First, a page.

Watchdog: February 2008

Watchdog: February 2008

Emma, watchdog of the month

Where the Hell is My iPod?

Dog, I have been taken to the cleaners by iPodMechanic.com. The hard drive in my son’s iPod went bad. I sent it to iPodMechanic.com because the company has a warranty on repaired drives.

The repair was completed and the device worked fine for a couple of months, but then the iPod quit working again. I contacted the company for a repair under the warranty.

That is when I started getting the runaround, including one of the rudest emails from a customer service rep that I’ve ever received. I have all of the emails saved to back this up, but to sum up, the company wanted another $100 to fix the iPod because “there were some signs of damage on the iPod, so there is a partial charge for the warranty.”

However, when I pointed out that there was already existing external damage to the unit from the first drop that killed the original hard drive, I was told that the logic board had to be repaired, which was outside the original warranty. How it went from drop damage to logic-board damage I don’t know. What really ticked me off though was the rude email from a tech named Halli. Near the end of our “discussion” I tried to reach her supervisor but never heard back from anyone. The last email I received stated the iPod had “been recycled.” The company did not give me an option of just having it sent back. I highly warn anyone not to use iPodMechanic.com.

—Esther Wheat

The Dog contacted iPodMechanic.com for its side of the story. The owner of the company, Nick Woodhams, said an additional fee was going to be charged for the repair of Esther’s iPod because the device was beyond its 180-day warranty period. Woodhams said Esther originally sent her iPod to the company on December 8, 2006, and the unit was received for repair again on June 16, 2007.

“This is out of the six-month warranty,” Woodhams wrote in an email. “We requested $99 additional (discount from the original repair) to repair the iPod again, which was physically damaged by the customer, not a part defect. The customer declined to pay for the repairs, and we could not come to a resolution. When we stopped communicating with Esther, we assumed the iPod was abandoned and recycled it 60 days after having received it back for warranty [repair]. At this time, we’re prepared to make it right with Esther. We will be willing to accept $99 (the quoted price for the second repair) and return a refurbished 30GB video iPod.”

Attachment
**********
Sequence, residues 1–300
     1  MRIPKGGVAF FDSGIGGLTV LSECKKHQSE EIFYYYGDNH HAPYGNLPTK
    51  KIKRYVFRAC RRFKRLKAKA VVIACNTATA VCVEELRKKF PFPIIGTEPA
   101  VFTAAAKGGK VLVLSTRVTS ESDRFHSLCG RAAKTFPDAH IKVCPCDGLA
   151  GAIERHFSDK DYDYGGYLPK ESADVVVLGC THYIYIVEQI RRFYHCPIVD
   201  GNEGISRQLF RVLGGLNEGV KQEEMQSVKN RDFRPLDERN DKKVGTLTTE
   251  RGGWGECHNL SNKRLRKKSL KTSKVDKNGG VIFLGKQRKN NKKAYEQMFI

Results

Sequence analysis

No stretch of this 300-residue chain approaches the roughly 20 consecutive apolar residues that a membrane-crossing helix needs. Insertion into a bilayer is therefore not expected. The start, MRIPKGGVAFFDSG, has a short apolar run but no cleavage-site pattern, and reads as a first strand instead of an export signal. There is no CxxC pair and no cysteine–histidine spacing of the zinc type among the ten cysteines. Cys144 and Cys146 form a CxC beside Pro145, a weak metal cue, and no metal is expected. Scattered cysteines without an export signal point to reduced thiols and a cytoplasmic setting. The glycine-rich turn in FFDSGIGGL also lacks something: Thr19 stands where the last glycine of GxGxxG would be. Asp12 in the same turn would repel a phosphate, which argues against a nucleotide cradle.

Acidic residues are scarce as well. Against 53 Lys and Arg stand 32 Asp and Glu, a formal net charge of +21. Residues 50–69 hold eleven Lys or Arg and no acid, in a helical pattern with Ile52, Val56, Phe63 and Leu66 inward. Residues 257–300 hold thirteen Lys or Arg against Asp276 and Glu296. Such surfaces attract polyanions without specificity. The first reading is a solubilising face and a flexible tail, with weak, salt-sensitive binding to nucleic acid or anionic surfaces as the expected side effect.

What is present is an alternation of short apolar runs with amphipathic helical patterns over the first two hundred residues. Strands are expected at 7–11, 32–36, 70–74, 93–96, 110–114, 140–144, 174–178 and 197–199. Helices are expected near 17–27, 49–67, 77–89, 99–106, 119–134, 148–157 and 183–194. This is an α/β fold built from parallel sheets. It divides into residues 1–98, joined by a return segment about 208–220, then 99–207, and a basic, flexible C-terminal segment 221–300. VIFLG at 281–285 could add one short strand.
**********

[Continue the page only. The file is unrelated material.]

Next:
The Dog spoke with Esther to ask her opinion of iPodMechanic’s solution. Her response: Go pound sand. Esther said that there is no way she is going to get suckered into sending iPodMechanic.com more money. She said it was not 60 days, but just over 30 days before her iPod had been “recycled.” And, Esther said, she’s still waiting for iPodMechanic to respond to her last email. Instead of contacting her, the company simply recycled her iPod, and she was told there was nothing she could do about it.

Esther would like her original iPod back, but at this point it’s gone. She would take an equivalent iPod in exchange, but she doesn’t have much hope this will occur. Her frustration is that she could never get a straight answer out of the company.
The Dog agrees with Esther. In fact, iPodMechanic could not even give the Dog a straight answer. If you count the days between Dec. 8, 2006 and June 16, 2007, it’s only 159 days—well within the 180-day warranty that iPodMechanic claims to offer.

When the Dog went back to Woodhams, he said, “I guess there is a discrepancy with the dates. It was my understanding that it was out of warranty.” The Dog also pointed out to Woodhams that Esther’s iPod had been scavenged for parts after 30 days, while she was still waiting for a response from the company.